Camping with Kids: Fun Camping Food

Let’s face it. For kids, the success of a camping trip rarely hinges on what waterfalls you see, what birds you hear, or how great the hike was. Kids likely will remember two things: the weather and the food.

You can’t control the weather, but you can make food a highlight of every excursion, whether that’s a short day trip or a multiday backcountry adventure.

My wife, Sarah, and I spent seven seasons as croo in the AMC high huts system and another six as trail crew leaders for the Student Conservation Association. Below are a couple of key campfire tips from our years on the trail, followed by a few favorite recipes that kids of all ages are sure to love.


When cooking over a campfire, always be sure to follow Leave No Trace (LNT) principles and to use established fire rings wherever possible. (Read more about minimal-impact campfires.) Once you’ve mastered LNT, you’re ready to cook.
  1. Build a nice, hot fire and let most of the wood burn down to coals. The coals, not the actual flame, will act as your cooking element.
  2. If you start running low on heat, add more wood to the opposite side of the fire, away from your food. Once the coals build up, transfer them to the cooking side. 


 Every hungry camper gets a sheet of heavy-duty tinfoil, about 1 foot square. Layer the following on the foil, from bottom to top:
Wrap to create your hobo pocket. Don’t just scrunch up the foil; it will leak. Bring the edges together and fold them neatly over each other one or two times, the way you would a paper bag. Adding a second layer of foil will keep the food from scorching.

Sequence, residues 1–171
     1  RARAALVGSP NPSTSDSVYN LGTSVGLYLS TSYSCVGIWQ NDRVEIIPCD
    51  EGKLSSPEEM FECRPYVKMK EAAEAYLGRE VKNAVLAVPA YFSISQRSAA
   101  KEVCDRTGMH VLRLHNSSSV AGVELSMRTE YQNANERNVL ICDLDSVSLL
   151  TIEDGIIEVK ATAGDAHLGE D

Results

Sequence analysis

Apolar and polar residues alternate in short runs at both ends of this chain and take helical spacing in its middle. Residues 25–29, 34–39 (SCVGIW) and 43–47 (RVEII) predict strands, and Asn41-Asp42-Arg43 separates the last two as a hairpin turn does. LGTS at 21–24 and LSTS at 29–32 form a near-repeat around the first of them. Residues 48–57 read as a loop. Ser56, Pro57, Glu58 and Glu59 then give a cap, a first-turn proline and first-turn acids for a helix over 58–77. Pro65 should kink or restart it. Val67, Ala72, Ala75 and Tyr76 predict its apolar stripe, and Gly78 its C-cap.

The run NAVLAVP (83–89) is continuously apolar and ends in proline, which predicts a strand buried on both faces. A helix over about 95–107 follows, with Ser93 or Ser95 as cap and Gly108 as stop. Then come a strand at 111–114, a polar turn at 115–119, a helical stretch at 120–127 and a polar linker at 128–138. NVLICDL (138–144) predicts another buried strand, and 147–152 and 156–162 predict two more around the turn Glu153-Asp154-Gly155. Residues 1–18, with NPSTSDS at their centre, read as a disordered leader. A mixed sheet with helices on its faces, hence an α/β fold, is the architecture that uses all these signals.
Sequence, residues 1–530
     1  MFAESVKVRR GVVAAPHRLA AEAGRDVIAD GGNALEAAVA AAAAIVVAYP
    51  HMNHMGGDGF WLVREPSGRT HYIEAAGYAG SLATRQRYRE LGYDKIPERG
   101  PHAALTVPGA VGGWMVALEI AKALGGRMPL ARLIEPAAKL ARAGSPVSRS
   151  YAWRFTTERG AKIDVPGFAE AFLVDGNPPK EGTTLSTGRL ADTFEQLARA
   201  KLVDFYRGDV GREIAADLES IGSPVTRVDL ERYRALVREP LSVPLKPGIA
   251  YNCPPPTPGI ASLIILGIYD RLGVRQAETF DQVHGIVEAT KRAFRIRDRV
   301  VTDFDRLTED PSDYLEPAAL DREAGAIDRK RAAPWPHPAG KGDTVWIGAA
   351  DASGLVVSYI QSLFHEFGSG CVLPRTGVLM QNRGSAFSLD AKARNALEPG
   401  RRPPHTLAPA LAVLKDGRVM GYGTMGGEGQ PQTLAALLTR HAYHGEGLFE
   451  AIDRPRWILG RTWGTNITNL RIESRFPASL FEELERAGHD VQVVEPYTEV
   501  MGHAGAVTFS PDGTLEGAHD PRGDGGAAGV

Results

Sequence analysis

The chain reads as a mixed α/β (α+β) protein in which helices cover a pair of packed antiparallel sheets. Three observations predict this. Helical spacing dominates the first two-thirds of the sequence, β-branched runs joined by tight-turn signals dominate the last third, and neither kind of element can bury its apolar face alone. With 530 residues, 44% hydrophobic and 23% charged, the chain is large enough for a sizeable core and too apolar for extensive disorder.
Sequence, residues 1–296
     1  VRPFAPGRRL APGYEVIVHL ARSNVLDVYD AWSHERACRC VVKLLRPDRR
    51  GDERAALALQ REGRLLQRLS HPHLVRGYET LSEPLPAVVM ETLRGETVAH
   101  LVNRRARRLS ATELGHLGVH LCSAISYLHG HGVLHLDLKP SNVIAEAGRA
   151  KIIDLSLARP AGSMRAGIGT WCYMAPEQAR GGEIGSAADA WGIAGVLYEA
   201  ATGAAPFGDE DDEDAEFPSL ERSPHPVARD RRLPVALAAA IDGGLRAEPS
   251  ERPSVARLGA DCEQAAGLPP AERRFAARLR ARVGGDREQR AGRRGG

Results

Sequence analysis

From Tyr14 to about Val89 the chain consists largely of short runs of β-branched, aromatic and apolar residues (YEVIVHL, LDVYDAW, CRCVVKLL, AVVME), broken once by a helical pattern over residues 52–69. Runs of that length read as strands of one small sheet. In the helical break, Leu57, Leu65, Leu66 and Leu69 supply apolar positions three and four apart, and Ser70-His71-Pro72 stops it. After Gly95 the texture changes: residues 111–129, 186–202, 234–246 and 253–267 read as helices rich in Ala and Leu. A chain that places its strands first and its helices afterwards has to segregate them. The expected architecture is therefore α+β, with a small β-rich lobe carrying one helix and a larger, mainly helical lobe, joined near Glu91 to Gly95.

Bury your hobo packet in medium-hot coals and cook for about 40 minutes. Carefully remove and unfold the foil to check for doneness. If your packet needs more time, fold it up neatly, put it back on the fire, and check it every five minutes.


This dinner will delight even the youngest kids, but patience is a must to avoid burning those piggy blankets. You’ll need:
Wrap each dog in a roll, making sure the roll ends overlap so the whole thing stays together. Skewer your dog on a long stick and cook it over the coals. Here again, cooking over the coals will decrease the char and smoke, and you can control the heat. Once the rolls are golden brown, they’re ready to eat.


 This is the simplest and possibly the most mind-blowing of all campfire foods. You’ll need:
Cut the tops off your oranges, as if you were carving a pumpkin. Scoop out the orange innards with a spoon, eating as you go and reserving the orange tops. Spoon in your brownie batter, filling each orange shell no more than half full.

Put the tops back on the oranges, wrap them in foil, and bury them in medium-hot coals. Bake for 20 to 30 minutes. The foil and the orange peel will temper the heat of the coals, allowing the brownie batter to bake slowly inside. Unwrap; peel back the orange shell; and enjoy supermoist, orange-infused, chocolately heaven.

Get advice on raising the next generation of outdoor enthusiasts in the Great Kids, Great Outdoors blog and find more tips and trip ideas in the Appalachian Mountain Club’s community for families,

This story by Ethan Hipple originally appeared in the June issue of AMC Outdoors Online

Photograph by Ethan Hipple.

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